Preventing cracks is as easy as installing it properly and applying a sealant as a maintenance measure. About stamped concrete fading, you can keep waiting for it, but it may be a long time before you notice it. Like cracks, discoloration occurs naturally, but will only be noticed after a long time. If you lay pavers on a 4-inch thick concrete base, you don't have to worry about weeds, insects, or anything growing through it.
You don't have to worry about the pavers shifting, and you don't have to worry about concrete cracking because the pavers are on top. Here in the Midwest, where we have freezes and thaws, it's the best way to install cobblestones so that your yard area lasts 30+ years without any problems. Stamped concrete won't last forever. Eventually, it will start to crack and break like any other type of concrete.
However, stamped concrete is actually very resistant to cracking, and when steps are taken to care for it, it must endure a long time before it needs to be replaced. You won't have to worry about it breaking down too soon, as long as you have it installed the right way. If things have reached a point where there is a large buildup of sealant from applying too much. Or if the wrong type of sealant was used, simply cleaning and re-sealing it will aggravate the problem.
The only way to fix this permanently is to remove all of the old sealant and start over. The best way we have found to achieve this is by sandblasting. This does a great job of removing existing sealant in a fairly short period of time without damaging the texture. However, sandblasting will remove most or all of the antiques and will need to be reapplied prior to sealing.
The other benefit of sandblasting is that it opens the pores of the concrete surface sufficiently to allow the new sealant layer to bond even better. A major problem is that stamped concrete cracks and chips, especially in harsher climates that experience frost. Here in New England, our winters can be especially harsh on concrete surfaces. Not only is it aesthetically unattractive, but it can also become a safety issue with trip hazards.
The image on the right shows the damage to stamped concrete caused by road salt that cars bring to the driveway of cars. There's nothing above it, and there's no way to fix a cracked patterned concrete patio where you can't see the crack due to the pattern it's stamped on. Because of this risk, some professionals who use an early entry method to control cracks in stamped concrete wait one day before cutting. For me, I would never put stamped concrete in my house or in any of my friends' or family's houses.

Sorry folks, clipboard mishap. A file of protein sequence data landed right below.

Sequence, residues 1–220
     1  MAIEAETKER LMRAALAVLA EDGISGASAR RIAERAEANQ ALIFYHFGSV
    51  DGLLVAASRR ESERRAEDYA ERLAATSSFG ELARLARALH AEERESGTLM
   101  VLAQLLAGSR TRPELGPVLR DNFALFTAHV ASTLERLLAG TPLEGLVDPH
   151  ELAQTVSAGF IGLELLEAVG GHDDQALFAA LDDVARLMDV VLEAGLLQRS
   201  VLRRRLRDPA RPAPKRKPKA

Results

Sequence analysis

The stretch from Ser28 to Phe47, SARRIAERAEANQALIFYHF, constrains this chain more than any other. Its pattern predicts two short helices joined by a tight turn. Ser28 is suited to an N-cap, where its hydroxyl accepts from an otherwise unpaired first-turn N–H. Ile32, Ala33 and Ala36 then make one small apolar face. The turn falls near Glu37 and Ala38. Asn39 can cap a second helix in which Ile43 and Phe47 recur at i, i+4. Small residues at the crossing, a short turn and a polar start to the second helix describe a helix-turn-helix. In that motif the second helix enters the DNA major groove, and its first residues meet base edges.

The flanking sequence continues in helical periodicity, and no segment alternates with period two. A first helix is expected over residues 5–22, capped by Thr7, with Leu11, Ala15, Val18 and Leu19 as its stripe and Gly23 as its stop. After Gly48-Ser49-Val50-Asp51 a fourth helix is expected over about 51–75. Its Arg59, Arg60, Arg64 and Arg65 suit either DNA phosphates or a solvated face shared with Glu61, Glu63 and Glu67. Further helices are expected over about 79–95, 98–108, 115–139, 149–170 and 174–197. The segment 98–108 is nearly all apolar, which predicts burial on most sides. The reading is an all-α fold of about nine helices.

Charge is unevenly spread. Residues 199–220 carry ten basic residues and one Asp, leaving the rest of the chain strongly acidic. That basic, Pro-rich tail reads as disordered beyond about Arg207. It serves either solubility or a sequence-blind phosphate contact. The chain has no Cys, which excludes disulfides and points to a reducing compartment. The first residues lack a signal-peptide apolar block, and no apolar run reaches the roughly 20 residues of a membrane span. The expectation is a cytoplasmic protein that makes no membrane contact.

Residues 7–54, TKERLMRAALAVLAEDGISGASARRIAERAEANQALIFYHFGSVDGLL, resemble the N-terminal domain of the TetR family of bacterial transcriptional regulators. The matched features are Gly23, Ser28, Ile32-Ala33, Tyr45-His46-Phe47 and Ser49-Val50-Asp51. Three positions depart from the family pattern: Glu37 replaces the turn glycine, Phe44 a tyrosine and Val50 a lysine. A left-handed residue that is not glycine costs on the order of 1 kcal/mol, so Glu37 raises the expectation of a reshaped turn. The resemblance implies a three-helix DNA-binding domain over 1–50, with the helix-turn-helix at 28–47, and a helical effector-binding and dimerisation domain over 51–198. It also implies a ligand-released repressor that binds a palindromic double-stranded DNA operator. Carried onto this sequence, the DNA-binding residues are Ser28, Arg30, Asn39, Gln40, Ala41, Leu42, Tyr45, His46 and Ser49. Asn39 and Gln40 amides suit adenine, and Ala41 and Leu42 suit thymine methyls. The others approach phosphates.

Using curing blankets is the only accepted method I know of for curing stamped concrete in cold climates. There are a lot of differences between stamped concrete and pavers, and most people don't really understand them, so I wanted to explain the top 5 reasons why stamped concrete stinks and why pavers are much better and, in fact, cheaper if you look at the price you pay in a span of more than 5 years. Now retired, Doug Carlton of Wyoming worked in the decorative concrete industry for decades and often shared his ideas and views with Concrete Decor. Another point to keep in mind is that patterned concrete needs to be re-dyed and sealed every 2-3 years, even less time for darker colors.
These stains are barely noticeable on plain gray concrete, but they can be very unpleasant on patterned and colored concrete. Review some of the common problems with stamped concrete and some techniques you can try the next time you face a decorative repair and restoration challenge. In fact, I have seen decorative concrete and concrete coatings that have severe efflorescence but are light in color, so the efflorescence is barely noticeable. Concrete surface profile, color, water-cement ratio and porosity play an important role in the process.
His ability to take a concrete canvas and add patterns and colors separates him from most of the concrete competition. . .